It has been a year of change at Google. A barrage of updates to the format of mobile search result pages have thrown the organic search performance for many retailers into chaos.
Many of these changes are related to increases in what we call “rich answers.” These changes primarily take two forms: increased frequency of rich answers and alterations in the positioning of rich answers. (Hint: They’re now largely showing above the first organic listing, rather than between listings 1 and 2.)
Aside from rich answers, we’ve also seen changes to a couple of paid placements that have had similarly strong impacts on organic search performance for retailers, especially those with established brands that have brick-and-mortar locations. All of these changes suggest that Google is in the midst of a major mobile transition.
Our aim here is to help show where Google has been, where it’s going and where we need to be.
Stone Temple Consulting recently released a study showing a significant increase of rich answers in Google search results pages (SERPs) between December 2014 and July 2015. During that period, the study found an increase in rich answers from 22.6 percent in December to 31.2 percent in July for a specific set of queries. These numbers are across both mobile and desktop.
Our contention is that rich answers appear on mobile devices at a much higher frequency than on desktop. Google is transitioning to rich answers quickly, and, as with many recent SERPs changes, they are pushing that transition through mobile search.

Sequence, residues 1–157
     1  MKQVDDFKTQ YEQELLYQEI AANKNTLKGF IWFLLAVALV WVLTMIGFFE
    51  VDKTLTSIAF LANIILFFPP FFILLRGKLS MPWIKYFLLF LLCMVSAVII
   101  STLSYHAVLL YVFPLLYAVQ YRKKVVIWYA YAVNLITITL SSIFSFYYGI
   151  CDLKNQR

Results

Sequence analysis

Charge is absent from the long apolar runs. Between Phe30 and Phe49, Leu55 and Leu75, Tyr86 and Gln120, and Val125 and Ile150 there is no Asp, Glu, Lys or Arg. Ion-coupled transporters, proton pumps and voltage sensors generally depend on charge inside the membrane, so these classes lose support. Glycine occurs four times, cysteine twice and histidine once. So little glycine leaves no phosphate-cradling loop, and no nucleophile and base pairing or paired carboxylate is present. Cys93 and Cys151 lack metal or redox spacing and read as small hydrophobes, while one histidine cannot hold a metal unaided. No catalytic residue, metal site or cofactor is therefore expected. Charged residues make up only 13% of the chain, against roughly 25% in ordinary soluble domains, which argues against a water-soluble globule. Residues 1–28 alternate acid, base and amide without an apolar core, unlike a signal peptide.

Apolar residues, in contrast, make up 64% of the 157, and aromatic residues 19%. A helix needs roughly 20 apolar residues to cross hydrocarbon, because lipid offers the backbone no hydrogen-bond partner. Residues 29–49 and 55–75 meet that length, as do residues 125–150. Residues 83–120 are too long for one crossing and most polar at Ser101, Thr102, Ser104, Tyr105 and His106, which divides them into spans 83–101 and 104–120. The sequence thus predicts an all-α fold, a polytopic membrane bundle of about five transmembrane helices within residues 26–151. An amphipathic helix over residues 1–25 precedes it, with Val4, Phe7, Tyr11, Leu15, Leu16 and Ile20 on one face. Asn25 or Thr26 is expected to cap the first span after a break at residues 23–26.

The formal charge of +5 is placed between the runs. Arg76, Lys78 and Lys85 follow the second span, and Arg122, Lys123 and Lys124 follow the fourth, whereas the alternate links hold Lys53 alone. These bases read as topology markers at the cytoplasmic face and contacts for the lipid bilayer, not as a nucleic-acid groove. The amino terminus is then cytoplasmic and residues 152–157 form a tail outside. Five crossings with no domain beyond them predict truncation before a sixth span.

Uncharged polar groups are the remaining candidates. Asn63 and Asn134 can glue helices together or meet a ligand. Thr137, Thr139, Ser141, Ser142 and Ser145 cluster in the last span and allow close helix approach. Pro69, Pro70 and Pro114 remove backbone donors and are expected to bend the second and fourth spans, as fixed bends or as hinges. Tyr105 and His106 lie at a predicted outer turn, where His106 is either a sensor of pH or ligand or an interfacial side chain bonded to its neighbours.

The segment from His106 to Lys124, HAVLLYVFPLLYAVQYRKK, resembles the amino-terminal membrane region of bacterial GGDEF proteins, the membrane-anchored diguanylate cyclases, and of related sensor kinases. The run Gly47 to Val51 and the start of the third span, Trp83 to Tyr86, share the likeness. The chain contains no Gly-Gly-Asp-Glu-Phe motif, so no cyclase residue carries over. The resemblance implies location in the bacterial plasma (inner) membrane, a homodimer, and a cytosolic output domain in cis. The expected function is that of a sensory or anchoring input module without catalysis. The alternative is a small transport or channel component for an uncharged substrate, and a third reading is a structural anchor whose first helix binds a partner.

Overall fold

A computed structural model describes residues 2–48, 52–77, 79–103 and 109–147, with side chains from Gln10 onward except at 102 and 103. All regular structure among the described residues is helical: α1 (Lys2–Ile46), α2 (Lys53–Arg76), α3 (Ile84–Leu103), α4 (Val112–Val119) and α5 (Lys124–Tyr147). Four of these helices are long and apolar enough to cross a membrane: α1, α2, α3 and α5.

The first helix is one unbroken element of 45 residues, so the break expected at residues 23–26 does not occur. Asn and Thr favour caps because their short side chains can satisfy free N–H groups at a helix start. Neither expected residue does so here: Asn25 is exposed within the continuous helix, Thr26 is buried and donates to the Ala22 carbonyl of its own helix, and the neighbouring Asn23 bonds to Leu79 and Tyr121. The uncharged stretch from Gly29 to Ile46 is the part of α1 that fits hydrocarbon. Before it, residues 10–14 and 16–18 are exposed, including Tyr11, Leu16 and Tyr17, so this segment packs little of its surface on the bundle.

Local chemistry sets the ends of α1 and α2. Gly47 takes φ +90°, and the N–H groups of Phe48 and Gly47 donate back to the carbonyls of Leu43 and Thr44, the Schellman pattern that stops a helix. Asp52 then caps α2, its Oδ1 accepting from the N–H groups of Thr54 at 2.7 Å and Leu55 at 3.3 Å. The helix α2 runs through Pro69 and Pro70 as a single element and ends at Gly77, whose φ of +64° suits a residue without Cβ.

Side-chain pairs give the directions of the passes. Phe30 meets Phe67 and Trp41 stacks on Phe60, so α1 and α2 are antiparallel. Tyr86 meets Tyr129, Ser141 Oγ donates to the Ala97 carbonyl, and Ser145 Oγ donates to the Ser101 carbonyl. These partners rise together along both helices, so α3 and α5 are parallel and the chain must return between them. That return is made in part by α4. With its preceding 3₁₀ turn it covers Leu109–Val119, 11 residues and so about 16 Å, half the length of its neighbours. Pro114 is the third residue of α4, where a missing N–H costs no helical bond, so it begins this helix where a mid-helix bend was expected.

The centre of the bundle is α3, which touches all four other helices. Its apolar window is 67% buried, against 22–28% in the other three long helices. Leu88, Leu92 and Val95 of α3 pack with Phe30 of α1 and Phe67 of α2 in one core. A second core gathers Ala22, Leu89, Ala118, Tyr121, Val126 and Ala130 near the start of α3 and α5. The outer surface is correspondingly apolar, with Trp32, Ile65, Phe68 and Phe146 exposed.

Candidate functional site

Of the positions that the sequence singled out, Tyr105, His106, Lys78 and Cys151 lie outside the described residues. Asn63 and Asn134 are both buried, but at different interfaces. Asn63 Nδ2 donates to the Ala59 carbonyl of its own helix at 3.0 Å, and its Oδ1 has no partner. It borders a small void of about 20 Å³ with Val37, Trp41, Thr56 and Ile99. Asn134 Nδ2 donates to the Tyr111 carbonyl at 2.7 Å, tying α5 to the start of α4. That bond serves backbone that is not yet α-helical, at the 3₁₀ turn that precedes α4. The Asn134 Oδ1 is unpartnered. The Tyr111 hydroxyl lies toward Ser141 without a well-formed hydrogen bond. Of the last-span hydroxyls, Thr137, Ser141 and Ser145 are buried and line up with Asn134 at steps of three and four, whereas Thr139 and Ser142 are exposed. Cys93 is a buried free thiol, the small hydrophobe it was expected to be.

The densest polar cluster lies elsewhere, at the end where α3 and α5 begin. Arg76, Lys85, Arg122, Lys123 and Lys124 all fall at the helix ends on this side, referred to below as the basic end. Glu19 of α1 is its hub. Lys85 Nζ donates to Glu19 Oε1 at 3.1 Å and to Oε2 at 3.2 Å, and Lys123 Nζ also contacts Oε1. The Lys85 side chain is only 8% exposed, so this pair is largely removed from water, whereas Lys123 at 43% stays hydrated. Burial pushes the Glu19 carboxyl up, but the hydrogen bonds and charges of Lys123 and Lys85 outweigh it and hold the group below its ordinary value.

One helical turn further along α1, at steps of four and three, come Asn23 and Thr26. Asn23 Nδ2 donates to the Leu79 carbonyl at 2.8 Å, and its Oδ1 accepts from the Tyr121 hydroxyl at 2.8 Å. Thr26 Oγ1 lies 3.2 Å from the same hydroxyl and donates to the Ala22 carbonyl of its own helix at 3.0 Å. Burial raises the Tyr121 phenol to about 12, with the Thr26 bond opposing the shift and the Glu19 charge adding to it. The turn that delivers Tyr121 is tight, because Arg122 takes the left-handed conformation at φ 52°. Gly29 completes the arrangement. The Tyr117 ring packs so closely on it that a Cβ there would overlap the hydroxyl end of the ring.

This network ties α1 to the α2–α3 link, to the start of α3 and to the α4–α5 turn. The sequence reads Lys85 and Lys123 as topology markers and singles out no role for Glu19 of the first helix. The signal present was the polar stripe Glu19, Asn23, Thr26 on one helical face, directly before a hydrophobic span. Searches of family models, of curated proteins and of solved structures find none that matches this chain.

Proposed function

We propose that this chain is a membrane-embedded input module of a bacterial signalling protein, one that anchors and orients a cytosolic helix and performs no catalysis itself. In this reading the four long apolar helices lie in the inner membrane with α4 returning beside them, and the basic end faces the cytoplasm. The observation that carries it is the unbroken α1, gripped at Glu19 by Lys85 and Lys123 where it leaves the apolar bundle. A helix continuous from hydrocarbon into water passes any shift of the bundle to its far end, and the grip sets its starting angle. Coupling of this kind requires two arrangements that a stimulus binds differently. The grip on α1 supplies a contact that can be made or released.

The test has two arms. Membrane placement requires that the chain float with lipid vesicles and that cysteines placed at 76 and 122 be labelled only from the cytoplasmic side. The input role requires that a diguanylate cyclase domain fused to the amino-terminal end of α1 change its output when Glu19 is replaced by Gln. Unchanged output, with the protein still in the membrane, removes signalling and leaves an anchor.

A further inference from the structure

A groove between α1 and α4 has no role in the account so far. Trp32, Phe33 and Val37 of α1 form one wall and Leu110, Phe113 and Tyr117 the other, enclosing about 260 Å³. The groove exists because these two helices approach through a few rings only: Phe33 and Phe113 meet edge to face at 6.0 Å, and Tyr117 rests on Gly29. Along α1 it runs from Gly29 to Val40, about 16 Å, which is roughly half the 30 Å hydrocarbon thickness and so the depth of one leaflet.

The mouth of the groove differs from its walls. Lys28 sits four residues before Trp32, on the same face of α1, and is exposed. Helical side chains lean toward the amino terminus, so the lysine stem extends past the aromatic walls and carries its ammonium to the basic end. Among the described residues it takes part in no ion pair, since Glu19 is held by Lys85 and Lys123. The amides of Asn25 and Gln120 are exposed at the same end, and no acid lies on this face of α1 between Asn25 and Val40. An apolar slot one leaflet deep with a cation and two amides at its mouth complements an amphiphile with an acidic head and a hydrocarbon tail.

For the purposes of this article, we are using the same definition of “rich answers” that Eric Enge uses in his write-up of the case study:
A “rich answer” is any attempt by Google to answer the searcher’s query in search results in a way not requiring a click through to a website.
Google has been grouping Maps listings into a single block of results for quite some time. However, over the summer of 2015, Google reduced the number of visible results in this block from seven to three.
At first, this news was welcome to two groups: 1) websites that already ranked in the Top 3 Maps results in the Local Pack, and 2) websites who ranked #2 in the organic search listings. (At the time, the Local Pack was generally served between the first and second organic search result.)
But Google’s changes didn’t stop there. Shortly after rolling out the new truncated Local Pack, Google made a shift in its placement. Now, for most mobile searches, the Local Pack is placed above all organic results, generally positioned between the Paid Search Ads and the organic listings.
Much like the reformatted paid sitelinks, this simple switch of position between two elements has had a profound impact on organic search sessions, even for websites ranking in position #1 of the organic results.
Similar to the Local Pack, Google has also started serving a modified version of the “Knowledge Box” above organic search results on mobile. We first observed this happening with regularity during the first and second week of August 2015.